Pregnant and Epileptic? Consider Folic Acid

Folic acid and pregnancyOne of the standard (and heavily simplified) pieces of advice given to women during pregnancy is to avoid actions that could harm the growing fetus within them. Unfortunately, there are times when the safety of the mother means the infant could be placed at risk. Drugs meant to treat epilepsy, for instance, are known to raise the risk of neural tube defects, heart defects, diminished IQ, or even autism depending on the exact drug in question.

However, simply stopping the drugs during pregnancy is not always a viable option since it is generally a bad idea to let a pregnant woman (or anyone else) have a seizure. Therefore, there is a lot of interest in finding ways to reduce developmental risks to the fetus without risking the mother’s health. An interesting study out of Norway has suggested one possible avenue in the form of folic acid supplementation.

The Nordic Study on Folic Acid and Pregnancy: Summary

  • The study’s abstract was presented at the Second Congress of the European Academy of Neurology and has yet to be published in a journal
  • The study looked at 58,000 three-year-olds whose mothers were either healthy or epileptic and were assessed for autistic traits
  • Mothers were also grouped based on whether they took epilepsy drugs during pregnancy and their possible folic acid intake was noted
  • Folic acid concentration in the blood was also looked at for those who took epilepsy drugs during pregnancy
  • 12% of children whose mothers took epilepsy drugs showed autistic traits
  • 3% of children whose mothers were epileptic but did not take epilepsy drugs showed autistic traits
  • 4% of children whose mothers were otherwise healthy showed autistic traits
  • Among the women who took epilepsy drugs, the effect on autistic traits was more noticeable if they stopped folic acid supplements early in the pregnancy. It was about six times higher than among the women who took both epilepsy drugs and folic acid supplements
  • This association was supported by the folic acid concentration in the blood, which was lower among the worse outcomes

What This Means

The risks of epilepsy medication while pregnant have been known for some time, so the point to focus on here is the idea that folic acid supplementation can mitigate the risk and, if the results are to be taken at face value, even bring it in line with the normal population. Speaking generally, this use of folic acid does have plausibility behind it. Folic acid helps prevent neural tube defects. Neural tube defects are among the possible side effects of taking certain epilepsy medications while pregnant. Therefore it is not unreasonable to suspect there might be some way for folic acid to mitigate other side effects of something capable of causing neural tube defects since the two clearly overlap in which parts of the body they affect. This is an extremely summarized explanation but the takeaway is that prior plausibility means the results are less likely to be flukes.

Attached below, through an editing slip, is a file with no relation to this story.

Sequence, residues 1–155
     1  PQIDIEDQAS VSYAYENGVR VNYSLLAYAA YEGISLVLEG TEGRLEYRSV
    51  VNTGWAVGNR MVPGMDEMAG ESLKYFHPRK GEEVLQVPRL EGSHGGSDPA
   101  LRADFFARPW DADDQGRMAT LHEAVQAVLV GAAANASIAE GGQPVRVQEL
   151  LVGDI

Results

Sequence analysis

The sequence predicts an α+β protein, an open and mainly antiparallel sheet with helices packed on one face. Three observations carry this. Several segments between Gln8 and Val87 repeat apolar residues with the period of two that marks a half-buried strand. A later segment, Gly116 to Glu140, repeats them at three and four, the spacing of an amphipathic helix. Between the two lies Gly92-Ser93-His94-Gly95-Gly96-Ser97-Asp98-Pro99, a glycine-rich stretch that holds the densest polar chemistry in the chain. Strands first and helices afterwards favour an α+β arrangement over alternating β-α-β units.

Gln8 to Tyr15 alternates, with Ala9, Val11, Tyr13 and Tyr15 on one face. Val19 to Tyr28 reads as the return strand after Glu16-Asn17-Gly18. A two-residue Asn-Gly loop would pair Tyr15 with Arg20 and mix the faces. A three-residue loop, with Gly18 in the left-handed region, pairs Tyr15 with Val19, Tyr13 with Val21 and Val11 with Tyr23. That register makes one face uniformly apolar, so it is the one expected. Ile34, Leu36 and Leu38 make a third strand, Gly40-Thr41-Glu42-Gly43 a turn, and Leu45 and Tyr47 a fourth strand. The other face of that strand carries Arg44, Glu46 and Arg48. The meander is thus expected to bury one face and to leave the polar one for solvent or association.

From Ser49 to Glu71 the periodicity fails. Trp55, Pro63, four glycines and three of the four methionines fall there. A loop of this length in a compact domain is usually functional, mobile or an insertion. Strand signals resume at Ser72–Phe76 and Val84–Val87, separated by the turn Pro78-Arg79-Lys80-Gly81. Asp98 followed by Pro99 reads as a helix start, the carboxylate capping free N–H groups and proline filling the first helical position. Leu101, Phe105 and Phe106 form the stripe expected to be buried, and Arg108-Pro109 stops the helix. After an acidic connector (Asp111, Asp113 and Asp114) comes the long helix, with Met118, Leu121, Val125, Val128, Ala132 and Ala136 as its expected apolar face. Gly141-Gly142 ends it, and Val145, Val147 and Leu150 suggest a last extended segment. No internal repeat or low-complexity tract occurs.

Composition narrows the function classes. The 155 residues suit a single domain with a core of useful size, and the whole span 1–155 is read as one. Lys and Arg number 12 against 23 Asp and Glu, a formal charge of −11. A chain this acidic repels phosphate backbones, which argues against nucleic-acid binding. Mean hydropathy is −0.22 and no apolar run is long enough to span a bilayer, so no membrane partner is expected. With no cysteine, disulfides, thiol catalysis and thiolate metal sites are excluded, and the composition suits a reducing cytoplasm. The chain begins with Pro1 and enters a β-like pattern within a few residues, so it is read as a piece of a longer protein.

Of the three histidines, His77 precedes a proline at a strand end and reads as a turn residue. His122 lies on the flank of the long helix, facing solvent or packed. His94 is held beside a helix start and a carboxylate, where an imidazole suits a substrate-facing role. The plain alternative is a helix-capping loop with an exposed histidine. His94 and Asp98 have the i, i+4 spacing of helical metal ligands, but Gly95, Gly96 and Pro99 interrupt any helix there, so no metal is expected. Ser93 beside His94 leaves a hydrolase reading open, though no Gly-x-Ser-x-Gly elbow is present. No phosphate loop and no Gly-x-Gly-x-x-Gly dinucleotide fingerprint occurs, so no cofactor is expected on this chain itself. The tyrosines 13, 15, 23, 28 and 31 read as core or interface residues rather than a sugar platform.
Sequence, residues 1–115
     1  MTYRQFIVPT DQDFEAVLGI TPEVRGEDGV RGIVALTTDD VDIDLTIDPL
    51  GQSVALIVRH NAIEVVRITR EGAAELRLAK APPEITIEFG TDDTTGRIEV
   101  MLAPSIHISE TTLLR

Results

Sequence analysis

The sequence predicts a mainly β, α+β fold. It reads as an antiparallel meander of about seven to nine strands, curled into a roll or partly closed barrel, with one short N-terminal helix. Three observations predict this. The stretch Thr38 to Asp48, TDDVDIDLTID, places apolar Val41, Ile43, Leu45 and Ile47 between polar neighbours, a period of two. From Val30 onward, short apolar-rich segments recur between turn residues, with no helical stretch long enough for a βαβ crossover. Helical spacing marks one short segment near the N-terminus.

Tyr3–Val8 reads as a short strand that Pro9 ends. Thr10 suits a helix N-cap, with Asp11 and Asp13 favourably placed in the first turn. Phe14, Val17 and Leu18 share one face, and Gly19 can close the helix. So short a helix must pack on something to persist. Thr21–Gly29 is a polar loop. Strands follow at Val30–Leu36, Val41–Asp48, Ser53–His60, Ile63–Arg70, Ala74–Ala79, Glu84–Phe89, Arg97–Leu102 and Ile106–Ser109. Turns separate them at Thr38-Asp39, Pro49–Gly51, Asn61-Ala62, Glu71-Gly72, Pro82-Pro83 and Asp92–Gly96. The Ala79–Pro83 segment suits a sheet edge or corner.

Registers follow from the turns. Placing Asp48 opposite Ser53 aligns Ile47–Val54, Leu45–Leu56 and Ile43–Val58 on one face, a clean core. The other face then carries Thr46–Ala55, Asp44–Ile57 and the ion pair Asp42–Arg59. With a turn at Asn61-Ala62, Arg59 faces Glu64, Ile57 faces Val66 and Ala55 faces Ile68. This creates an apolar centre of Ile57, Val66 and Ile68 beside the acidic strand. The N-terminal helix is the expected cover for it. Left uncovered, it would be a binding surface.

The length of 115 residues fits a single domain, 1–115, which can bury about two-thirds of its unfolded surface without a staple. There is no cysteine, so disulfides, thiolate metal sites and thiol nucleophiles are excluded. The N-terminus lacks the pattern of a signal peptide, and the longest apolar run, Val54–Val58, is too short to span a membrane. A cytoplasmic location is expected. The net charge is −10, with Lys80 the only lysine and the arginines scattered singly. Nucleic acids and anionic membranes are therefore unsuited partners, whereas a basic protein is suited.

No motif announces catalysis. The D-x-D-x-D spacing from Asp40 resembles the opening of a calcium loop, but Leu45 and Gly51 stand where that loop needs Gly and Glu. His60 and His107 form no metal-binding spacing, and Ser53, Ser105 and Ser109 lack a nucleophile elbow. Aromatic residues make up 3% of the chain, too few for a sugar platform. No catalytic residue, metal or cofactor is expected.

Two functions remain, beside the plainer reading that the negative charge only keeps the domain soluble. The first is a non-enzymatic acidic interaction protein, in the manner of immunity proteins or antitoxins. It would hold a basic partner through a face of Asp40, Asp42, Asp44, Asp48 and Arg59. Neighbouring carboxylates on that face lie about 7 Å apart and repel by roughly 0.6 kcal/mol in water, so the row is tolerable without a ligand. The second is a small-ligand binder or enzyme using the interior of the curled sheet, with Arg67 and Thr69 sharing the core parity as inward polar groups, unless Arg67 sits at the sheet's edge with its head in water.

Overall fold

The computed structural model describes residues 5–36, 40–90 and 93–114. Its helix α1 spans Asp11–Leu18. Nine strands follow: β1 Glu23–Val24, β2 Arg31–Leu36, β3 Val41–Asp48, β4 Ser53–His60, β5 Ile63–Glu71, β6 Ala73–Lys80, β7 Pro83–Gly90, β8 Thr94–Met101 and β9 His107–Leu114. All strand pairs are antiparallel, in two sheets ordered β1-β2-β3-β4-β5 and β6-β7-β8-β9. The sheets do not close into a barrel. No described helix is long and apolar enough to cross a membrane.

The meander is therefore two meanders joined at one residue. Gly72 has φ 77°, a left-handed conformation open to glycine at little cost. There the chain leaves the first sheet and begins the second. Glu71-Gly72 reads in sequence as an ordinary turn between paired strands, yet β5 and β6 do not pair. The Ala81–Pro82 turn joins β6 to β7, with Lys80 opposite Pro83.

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Having said that, there is one distinct weakness to the study. As mentioned in the summary, the researchers were calculating “possible” folic acid supplementation during pregnancies that had been over for three years. While there are various research and analytical tools that could be used to fill in the gaps, the fact that estimation was involved does make the associations less solid than would be preferred. This does not mean the findings aren’t valid, just that it was a limitation of the study.

There are also a few points where more information would have been appreciated, though it is possible they will be covered in the full study when it is eventually published:

  • Which specific epilepsy drugs were the mothers on? Different drugs have different levels of side effect risks
  • Actual numbers behind the percentages would have been appreciated since it isn’t clear how many mother/child pairs fell into each group

Lastly, it’s important to keep in mind that “autism traits” is different from “autism diagnoses”. While there is undoubtedly overlap between the two, the distinction matters when trying to put this study in context.

Bottom Line

  • Folic acid supplementation is important during pregnancy to reduce the risk of certain birth defects. If the mother is on epileptic medication, the importance of folic acid may be higher than normal

Sources for Today’s Article:

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“Use of Sodium Valproate in Pregnancy,” MedSafe web site, December, 2014; http://www.medsafe.govt.nz/profs/PUArticles/December2014SodiumValproate.htm, last accessed June 1, 2016.

“Antiepileptic drugs during pregnancy: folic acid could help to prevent autism,” AlphaGalileo web site, http://www.alphagalileo.org/ViewItem.aspx?ItemId=164673&CultureCode=en, last accessed June 1, 2016.